Former Rep. Gabby Giffords and her husband, Mark Kelly, at a gun show in Saratoga Springs, N.Y., in October. Giffords was shot in the head in a 2011 mass shooting in Tucson. She and Kelly have since founded a political action committee to push for tougher gun laws.
Originally published on Fri December 13, 2013 5:44 pm
In the wrenching days and weeks after the Sandy Hook Elementary School tragedy, many on both sides of the gun control debate thought that horror had so shifted the political winds that stricter federal gun laws would surely result.
That, of course, didn't happen.
On the surface, it may look like the gun lobby ultimately won the political battles that mattered in the past year. After all, Congress failed to pass tougher gun laws. But the reality is more mixed; the result was more of a stalemate.
In the meantime, Newtown, Connecticut, is still grieving nearly a year since a mass shooting there took place. Scarlet Lewis feels the loss every day. Her son Jesse was killed in the Sandy Hook School shooting. Lewis and her other son have struggled to deal with their grief. Craig Lemoult of member station WSHU reports that they found solace by reaching out to others, some who are halfway around the world.
CRAIG LEMOULT, BYLINE: On every wall and in every corner of Scarlet Lewis' living room are gifts from around the world.
Negotiations between Boeing and the machinists union in Washington State broke down again last night. The union rejected Boeing's latest contract offer. The deal would've guaranteed that production of the new 777X airplanes would stay in the Seattle area. Now, the aerospace giant may be taking those planes and thousands of jobs elsewhere.
Other states are eagerly courting them. But Michael Tomsic of member station WFAE in Charlotte reports that landing the aerospace company won't come cheap.
"The death of privacy has been predicted repeatedly over the years," says Ann Cavoukian, Ontario's privacy commissioner. "And my response to that is, 'Say no to that,' because, if you value your freedom, you will value your privacy."
As we become a more digitally connected society, one question has become increasingly pervasive: Is the expectation of privacy still reasonable?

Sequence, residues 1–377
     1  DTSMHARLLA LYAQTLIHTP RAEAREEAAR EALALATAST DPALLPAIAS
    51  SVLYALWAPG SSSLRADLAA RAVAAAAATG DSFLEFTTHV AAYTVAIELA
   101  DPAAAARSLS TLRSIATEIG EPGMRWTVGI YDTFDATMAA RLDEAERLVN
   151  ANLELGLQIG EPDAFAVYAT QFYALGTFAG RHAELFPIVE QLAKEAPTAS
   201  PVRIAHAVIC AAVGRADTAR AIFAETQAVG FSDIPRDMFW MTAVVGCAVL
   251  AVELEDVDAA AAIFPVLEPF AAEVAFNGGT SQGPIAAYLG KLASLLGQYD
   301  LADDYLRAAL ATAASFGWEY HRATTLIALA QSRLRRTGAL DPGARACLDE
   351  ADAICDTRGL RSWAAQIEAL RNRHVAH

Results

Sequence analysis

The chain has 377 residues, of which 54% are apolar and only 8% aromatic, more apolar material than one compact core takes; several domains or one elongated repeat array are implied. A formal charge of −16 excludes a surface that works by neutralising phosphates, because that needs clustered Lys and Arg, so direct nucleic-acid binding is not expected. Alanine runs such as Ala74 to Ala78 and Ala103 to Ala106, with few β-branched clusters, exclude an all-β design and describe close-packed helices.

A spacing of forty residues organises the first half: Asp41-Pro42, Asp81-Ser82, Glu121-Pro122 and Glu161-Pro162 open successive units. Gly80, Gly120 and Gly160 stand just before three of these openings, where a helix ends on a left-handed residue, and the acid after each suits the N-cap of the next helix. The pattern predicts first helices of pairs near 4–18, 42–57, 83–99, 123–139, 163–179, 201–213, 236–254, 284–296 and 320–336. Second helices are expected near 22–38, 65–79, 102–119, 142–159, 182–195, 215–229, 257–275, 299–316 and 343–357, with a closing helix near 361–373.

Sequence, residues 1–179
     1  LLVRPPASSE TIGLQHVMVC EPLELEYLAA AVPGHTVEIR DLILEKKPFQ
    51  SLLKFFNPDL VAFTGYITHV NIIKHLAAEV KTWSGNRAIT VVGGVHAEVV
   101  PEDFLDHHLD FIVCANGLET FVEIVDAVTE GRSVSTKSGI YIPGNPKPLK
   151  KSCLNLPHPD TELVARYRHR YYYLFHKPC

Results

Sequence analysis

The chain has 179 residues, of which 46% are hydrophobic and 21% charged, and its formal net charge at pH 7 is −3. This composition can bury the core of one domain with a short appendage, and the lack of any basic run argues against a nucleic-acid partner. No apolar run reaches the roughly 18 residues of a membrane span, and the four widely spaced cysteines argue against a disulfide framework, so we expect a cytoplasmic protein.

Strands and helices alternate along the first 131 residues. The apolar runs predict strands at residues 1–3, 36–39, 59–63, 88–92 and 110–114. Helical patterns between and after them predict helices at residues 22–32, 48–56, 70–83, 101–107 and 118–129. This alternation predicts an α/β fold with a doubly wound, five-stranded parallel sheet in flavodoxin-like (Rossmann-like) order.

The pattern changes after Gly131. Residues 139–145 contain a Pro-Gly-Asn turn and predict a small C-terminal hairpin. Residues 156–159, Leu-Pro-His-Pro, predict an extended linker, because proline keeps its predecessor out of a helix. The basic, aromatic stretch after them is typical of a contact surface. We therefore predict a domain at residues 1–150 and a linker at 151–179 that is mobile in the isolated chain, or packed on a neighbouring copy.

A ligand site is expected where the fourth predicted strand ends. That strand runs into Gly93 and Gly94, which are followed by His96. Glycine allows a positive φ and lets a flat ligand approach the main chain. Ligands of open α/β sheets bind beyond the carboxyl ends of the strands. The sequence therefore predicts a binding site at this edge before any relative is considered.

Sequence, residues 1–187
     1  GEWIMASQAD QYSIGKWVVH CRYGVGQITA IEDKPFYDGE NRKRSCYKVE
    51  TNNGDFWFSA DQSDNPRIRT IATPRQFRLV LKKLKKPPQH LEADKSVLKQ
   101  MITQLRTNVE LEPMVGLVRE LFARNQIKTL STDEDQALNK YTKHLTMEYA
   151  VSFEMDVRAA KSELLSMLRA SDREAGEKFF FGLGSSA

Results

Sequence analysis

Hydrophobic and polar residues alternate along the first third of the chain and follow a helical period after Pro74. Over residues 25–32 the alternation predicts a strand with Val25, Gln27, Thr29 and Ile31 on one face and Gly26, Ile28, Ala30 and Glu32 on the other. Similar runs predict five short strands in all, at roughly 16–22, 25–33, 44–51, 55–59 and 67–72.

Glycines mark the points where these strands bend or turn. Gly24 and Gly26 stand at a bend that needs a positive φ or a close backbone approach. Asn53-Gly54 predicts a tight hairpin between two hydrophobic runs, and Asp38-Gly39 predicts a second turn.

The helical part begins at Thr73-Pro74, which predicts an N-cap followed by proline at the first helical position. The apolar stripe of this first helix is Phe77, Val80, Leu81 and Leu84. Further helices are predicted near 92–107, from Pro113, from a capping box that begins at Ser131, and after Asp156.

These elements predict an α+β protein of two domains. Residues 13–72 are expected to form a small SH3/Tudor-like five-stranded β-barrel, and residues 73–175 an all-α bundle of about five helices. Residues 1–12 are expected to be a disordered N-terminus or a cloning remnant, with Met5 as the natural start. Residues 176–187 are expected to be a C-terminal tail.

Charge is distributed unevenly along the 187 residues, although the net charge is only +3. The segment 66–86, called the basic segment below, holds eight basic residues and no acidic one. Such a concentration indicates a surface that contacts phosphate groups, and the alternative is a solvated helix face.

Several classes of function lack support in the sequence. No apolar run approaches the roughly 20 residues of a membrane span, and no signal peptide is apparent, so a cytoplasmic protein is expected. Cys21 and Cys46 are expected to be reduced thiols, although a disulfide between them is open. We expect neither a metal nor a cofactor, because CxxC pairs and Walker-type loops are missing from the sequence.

Ann Cavoukian, the privacy commissioner for Ontario, Canada, thinks so. She contends that privacy — including privacy online — is foundational to a free society. She developed a framework for approaching privacy issues back in the 1990s that's been recognized around the world.
Audie Cornish speaks with regular political commentators, E.J. Dionne of The Washington Post and Brookings Institution and Reihan Salam, a columnist for National Review and Reuters, about the week's political news. They'll discuss the bipartisan budget deal, Speaker of the House John Boehner's harsh words for some conservatives and what the week's political headlines mean for the executive branch going forward.
Originally published on Fri December 13, 2013 5:28 pm
A student armed with a shotgun opened fire at a Colorado high school, Arapahoe County Sheriff Grayson Robinson said Friday. Police said the shooter injured two fellow students at Arapahoe High School in Centennial, Colo., before killing himself.
Thursday night — just as Twitter was coming down from Scandal's midseason finale, and it's hard to think of this as a coincidence — Beyonce dropped an album out of nowhere. The news ricocheted through social media. People called it Bey Day and Christmas come early.
With its colorful box-style buildings with big windows, Castlemont High in Oakland, Calif., looks like any other school. But inside, teacher Demetria Huntsman and Joseph Hopkins, 16, are deconstructing a shooting that happened out front just 30 minutes before.
"We just, like, heard gunshots," Joseph explains. "We just ... turned around and started running. That's the closest I've ever came to almost, like, actually getting shot."